The UCL Practitioner
Friday, April 01, 2005
BREAKING NEWS: First District reaffirms Mervyn's
In an unpublished opinion issued this afternoon, the First Appellate District, Division Four, reversed Judge Sabraw's order in the FATE cases. Foundation Aiding the Elderly v. Superior Court, case no. A109442. The opinion reads, in relevant part:
We have previously set forth our determination that Proposition 64 does not apply to lawsuits filed before its effective date of November 3, 2004, and need not repeat that analysis. (Californians for Disability Rights v. Mervyn’s, supra, 126 Cal.App.4th at pp. 391-397.) We are aware that several courts of appeal disagree with us, as Covenant Care points out. (Bivens v. Corel Corp. (2005) 126 Cal. App.4th 1392, 1402-1405; Benson v. Kwikset Corp. (2005) 126 Cal.App.4th 887, 900-907; Branick v. Downey Savings & Loan Assn. (2005) 126 Cal.App.4th 828, 840-844.) The disagreement is founded upon an apparent conflict in canons of statutory construction and is unlikely to be resolved until our Supreme Court clarifies whether the general presumption of prospectivity applies to all legislation, as we believe, or applies only when the legislation modifies common law rights or modifies statutory rights short of a repeal or partial repeal, as some others believe.

Our belief that the prospectivity presumption applies to all legislation is based upon our high court’s past application of that presumption to both modifications of common law (Evangelatos v. Superior Court (1988) 44 Cal.3d 1188, 1208), and statutory repeals (Myers v. Philip Morris Companies, Inc. (2002) 28 Cal.4th 828, 839-848). We are also concerned that adoption of the statutory repeal exception advocated by Covenant Care would complicate the process of statutory construction by requiring courts to determine whether rights affected by new legislation are founded in common law or statute, and whether the legislation should be characterized as a repeal or partial repeal, as opposed to a revision. Such inquiries take the courts far afield from what should be the guiding principle when interpreting propositions: voter intent. It is the intent of the People, not formulaic standards, that should determine the reach of legislation.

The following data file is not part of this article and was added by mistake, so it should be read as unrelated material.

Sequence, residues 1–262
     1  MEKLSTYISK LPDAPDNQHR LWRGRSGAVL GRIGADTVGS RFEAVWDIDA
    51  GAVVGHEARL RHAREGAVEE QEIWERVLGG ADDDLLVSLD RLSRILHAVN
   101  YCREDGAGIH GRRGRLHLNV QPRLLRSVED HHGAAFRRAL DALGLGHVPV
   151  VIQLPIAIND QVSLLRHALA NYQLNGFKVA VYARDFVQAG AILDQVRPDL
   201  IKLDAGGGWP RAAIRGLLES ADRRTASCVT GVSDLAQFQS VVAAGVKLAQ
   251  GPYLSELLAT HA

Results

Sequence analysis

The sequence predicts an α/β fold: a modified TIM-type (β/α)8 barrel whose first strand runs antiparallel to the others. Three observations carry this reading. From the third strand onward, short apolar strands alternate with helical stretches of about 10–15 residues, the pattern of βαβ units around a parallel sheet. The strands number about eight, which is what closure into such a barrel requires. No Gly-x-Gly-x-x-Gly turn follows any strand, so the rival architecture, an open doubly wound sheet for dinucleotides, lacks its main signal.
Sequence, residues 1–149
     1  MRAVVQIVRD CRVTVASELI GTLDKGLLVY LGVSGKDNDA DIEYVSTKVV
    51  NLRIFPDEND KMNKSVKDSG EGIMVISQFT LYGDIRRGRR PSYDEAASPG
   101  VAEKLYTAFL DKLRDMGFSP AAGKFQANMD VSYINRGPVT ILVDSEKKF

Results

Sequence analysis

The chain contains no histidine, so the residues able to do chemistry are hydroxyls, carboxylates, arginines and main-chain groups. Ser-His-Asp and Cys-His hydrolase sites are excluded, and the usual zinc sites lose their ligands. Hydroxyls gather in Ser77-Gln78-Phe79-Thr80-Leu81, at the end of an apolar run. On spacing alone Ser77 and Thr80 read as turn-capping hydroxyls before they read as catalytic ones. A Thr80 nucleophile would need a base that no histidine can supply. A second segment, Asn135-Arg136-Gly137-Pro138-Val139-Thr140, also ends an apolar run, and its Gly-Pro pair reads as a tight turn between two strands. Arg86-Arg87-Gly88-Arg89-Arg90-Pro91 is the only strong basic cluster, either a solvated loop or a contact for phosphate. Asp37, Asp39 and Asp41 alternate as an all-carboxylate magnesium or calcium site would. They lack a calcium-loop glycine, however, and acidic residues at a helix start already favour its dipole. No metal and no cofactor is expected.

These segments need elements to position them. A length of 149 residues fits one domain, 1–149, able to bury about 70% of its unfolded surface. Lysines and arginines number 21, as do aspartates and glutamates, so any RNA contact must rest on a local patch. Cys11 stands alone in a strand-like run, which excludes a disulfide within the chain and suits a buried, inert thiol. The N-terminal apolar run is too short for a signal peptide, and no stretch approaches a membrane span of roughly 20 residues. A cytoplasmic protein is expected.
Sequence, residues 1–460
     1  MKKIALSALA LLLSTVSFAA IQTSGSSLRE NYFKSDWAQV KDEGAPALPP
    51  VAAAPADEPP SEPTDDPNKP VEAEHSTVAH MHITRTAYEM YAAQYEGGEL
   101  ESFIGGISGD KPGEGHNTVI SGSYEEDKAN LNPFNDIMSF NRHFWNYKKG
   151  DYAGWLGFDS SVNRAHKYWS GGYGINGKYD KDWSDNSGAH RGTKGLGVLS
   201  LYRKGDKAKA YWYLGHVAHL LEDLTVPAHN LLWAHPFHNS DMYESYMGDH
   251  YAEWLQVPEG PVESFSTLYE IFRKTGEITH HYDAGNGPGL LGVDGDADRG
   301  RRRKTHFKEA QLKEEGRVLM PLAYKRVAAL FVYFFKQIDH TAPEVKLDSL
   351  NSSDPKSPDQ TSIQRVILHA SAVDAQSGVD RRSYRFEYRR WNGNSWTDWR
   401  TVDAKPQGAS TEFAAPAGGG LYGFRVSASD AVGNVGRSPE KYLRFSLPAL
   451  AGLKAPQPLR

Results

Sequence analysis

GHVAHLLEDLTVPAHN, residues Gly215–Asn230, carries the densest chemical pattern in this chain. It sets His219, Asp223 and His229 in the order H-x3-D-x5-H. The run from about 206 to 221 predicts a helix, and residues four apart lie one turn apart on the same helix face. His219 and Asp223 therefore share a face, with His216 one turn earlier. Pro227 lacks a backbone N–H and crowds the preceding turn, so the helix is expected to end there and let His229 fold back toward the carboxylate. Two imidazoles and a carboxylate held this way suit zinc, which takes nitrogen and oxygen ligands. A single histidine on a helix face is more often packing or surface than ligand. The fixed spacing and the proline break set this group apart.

The opinion ends by stating: "Respondent shall issue a new order denying the motion. To permit Covenant Care an opportunity for immediate review, this decision shall be final in this court upon filing. (Cal. Rules of Court, rules 24(b)(3), 28(e)(1).)" I think we will see a lot of publication requests because it is quite clear that some lower court judges are deciding the Prop. 64 retroactivity question based solely on the fact that more appellate decisions favor retroactive application than reject it. Many thanks to the readers who brought this development to my attention. (And check back here later for a copy of the petitioners' excellent brief in this case, which I have received and will be posting online shortly.)

Here is the writ petition in FATE v. Superior Court. It's one of the best I've seen. And here are several other briefs I've received within the past few days:

Nice work, Kimberly. And good news! I've cited your post over at The Legal Reader:

Post a Comment

Powered by Blogger

© 2003-2005 by Kimberly A. Kralowec